WHILE CITY big-shots have been agitating over the school district's $629 million budget gap, a quieter financial worry is tugging at Vanita Young's heart.
Vanita, a lovely, soft-spoken junior at the Walter D. Palmer Charter School, needs $2,000 if she wants to attend the nation's most prestigious all-female chess tournament next month.
Two-grand is piddling coinage compared to what the district is facing. But it's astronomical to Vanita, 17, whose circumstances have been so tough that attendance at the tournament could actually alter the course of her future.
Proving that what happens after school matters as much as what occurs in the classroom.
"If Vanita can't go, because of just $2,000, it would be devastating," said Douglas Cox, her chess coach at Palmer. "No one deserves this more than she does."
The event is called the Susan Polgar Girls' Invitational and, in the world of chess, it's a BFD, as the kids like to say.
From July 24-29, 50 girls will be mentored by Polgar, the world's first female chess grand master (who's like Madonna to those fond of rooks). Then they'll compete for $120,000 in scholarships and prizes during the annual chess-fest at Texas Tech University, in Lubbock, Texas, where Polgar directs her eponymous Institute for Chess Excellence.
Each year, thousands of girls vie for the honor to represent their state. After Vanita beat out more than 600 girls at the PA State Scholastic Chess Championship last March, she got the exclusive call to attend the invitational.
"It's the best thing that ever happened to me," Vanita said yesterday, as her school's chess team, the Dark Knights, practiced nearby. "Any time I have a bad day, I think of winning and feel happy again."
Feeling happy is no small feat for Vanita, who was abandoned by her mom at age 2 and whose beloved dad - "He tried hard," she said - battled the bottle before dying suddenly of diabetes complications in 2007.
Vanita learned of his death right after triumphing at a chess competition hosted by the nonprofit After School Activities Partnership, whose mentors are like Vanita's second family. She'd discovered ASAP and chess years before, and couldn't stay away from the game.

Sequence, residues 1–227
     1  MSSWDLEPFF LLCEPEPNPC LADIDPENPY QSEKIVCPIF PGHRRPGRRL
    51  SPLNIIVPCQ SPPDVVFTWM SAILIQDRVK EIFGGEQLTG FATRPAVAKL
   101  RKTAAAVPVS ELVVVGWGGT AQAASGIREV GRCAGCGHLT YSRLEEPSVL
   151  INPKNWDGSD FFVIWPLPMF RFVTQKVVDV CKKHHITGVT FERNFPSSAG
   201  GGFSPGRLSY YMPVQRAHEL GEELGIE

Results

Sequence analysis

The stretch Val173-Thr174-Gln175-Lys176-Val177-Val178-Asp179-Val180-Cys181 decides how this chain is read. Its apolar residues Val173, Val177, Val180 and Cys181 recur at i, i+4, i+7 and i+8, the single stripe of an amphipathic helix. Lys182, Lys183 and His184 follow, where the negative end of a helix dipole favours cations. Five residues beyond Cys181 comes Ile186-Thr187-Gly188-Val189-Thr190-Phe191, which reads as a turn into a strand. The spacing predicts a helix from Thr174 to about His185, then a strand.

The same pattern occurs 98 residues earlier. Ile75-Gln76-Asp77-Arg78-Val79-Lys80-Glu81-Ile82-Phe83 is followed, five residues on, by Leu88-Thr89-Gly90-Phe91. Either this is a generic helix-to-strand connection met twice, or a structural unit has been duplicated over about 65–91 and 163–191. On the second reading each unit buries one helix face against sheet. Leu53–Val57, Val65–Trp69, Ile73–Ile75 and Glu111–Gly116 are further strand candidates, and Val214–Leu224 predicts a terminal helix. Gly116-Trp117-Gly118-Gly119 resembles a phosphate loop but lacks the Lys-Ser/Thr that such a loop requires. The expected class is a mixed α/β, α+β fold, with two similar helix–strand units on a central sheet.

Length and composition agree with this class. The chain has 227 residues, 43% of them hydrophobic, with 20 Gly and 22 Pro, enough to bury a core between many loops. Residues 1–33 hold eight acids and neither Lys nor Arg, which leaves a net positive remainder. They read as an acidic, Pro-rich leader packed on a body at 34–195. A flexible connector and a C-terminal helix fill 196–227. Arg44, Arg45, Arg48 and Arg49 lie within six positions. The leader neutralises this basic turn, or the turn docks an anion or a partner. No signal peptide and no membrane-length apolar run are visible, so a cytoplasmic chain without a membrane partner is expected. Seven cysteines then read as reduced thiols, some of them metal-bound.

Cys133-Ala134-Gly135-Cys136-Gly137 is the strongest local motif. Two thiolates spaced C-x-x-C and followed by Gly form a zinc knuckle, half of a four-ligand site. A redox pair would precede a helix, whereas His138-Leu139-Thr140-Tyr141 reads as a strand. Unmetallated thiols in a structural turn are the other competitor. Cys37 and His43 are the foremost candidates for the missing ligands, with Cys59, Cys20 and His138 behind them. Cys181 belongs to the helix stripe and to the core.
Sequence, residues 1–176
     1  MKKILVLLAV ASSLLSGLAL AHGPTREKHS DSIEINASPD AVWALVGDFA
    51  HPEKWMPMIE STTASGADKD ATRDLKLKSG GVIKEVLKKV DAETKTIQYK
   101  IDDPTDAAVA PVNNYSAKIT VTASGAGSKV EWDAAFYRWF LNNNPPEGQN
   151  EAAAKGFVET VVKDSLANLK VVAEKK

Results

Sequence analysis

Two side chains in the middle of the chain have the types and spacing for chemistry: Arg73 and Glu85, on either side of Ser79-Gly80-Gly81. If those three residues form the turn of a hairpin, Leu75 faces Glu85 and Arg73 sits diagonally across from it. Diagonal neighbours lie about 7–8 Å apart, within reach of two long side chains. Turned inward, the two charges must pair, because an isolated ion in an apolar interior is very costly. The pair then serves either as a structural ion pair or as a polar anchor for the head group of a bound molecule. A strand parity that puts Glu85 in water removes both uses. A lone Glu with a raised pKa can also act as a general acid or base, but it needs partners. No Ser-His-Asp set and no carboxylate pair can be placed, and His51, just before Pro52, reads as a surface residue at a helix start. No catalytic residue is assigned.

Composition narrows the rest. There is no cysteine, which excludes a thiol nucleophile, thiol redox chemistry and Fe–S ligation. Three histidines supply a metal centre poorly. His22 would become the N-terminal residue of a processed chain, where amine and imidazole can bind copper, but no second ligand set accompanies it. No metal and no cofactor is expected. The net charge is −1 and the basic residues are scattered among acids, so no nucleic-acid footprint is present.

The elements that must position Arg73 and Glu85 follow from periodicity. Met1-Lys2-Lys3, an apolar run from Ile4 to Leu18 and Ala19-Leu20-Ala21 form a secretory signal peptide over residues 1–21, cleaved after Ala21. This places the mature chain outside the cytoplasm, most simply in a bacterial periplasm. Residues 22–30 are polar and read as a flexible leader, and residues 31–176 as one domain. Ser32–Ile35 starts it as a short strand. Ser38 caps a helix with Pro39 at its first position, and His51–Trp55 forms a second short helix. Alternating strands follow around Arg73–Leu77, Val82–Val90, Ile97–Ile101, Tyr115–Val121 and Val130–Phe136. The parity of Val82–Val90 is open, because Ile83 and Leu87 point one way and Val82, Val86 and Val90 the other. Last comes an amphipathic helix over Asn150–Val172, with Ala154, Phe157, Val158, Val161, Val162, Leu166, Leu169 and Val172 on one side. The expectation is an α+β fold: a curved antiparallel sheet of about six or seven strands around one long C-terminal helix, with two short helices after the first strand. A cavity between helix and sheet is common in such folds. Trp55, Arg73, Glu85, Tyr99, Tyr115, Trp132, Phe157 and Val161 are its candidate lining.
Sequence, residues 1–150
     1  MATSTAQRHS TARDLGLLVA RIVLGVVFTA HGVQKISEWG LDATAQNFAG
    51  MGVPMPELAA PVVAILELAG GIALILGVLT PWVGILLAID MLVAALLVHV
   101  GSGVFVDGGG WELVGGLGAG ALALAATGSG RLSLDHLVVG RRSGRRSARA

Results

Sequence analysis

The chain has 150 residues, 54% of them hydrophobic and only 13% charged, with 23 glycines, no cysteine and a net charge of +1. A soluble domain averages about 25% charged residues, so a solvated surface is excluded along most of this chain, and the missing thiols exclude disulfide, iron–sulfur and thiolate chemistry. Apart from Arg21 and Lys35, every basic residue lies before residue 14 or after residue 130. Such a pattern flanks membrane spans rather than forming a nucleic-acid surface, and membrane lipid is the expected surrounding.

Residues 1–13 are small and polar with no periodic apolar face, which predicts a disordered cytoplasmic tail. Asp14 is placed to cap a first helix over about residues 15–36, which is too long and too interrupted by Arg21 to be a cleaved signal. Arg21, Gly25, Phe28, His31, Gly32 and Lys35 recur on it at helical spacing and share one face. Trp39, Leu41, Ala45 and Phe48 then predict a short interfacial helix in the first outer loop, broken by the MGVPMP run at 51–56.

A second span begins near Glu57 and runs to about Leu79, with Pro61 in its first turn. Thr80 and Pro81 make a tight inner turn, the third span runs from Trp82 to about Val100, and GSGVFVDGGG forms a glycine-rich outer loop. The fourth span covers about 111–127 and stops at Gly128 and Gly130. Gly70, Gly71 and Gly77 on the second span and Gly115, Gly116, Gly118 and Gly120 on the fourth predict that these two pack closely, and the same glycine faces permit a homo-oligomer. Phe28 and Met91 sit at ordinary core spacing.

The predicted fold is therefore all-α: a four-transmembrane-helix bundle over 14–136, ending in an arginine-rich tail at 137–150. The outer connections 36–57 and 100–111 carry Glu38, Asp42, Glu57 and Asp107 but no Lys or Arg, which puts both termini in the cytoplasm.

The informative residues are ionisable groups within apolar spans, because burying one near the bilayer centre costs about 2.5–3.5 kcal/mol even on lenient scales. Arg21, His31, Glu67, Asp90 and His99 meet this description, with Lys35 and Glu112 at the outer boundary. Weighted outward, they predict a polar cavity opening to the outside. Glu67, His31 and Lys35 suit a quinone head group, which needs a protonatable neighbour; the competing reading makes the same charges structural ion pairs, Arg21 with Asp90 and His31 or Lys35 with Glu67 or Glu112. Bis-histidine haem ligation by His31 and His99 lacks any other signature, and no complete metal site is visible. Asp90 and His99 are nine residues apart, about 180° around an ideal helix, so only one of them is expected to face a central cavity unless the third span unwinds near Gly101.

Not even after she was assaulted while walking to her home in West Philly, where she lives with her dad's parents, Raymond and Algoria Evans. She'd just come from Clark Park, where she'd played chess with other amateurs who are regulars there.
"He wasn't even a player, but he was watching me in a way I didn't like, so I left," she said.
He followed her and grabbed her, but she was able to break free and the man was caught.
Vanita quickly resumed her playing because, she said, "It's always there for me. There's a whole family of people who care about me. It lets me go into deep thought."
"She's really focused," said Jennifer Shahade, Philly's hot, national chess star and author of the sassy Chess Bitch: Women in the Ultimate Intellectual Sport. She mentors ASAP's chess players and has been impressed by Vanita.
"Not a lot of girls take chess seriously," she said, "but she's determined."
Not just about the game but about what it might do for her. Vanita loves numbers ("She's one of my best students," says her math teacher, Andy Isom), and hopes that chess success will nab her a scholarship to Texas Tech, where she'd major in computer science.
But first she has to get to that pricey invitational. A dress-up-day fundraiser at her school netted $300. But she needs another $1,700 to pay for her and a chaperone to spend an exhilarating week at the invitational, mixing it up with girls like Vanita - quiet, focused, numbers-obsessed and eager to share their love of chess with the world.
"When I have kids, I want them all to be chess grand masters," said Vanita. "It helps you be a good, smart person."
Wanna help? Send a donation in Vanita's name to ASAP, 1520 Locust St., Suite 1104, Phila., PA 19102. More info: 215-545-2727.
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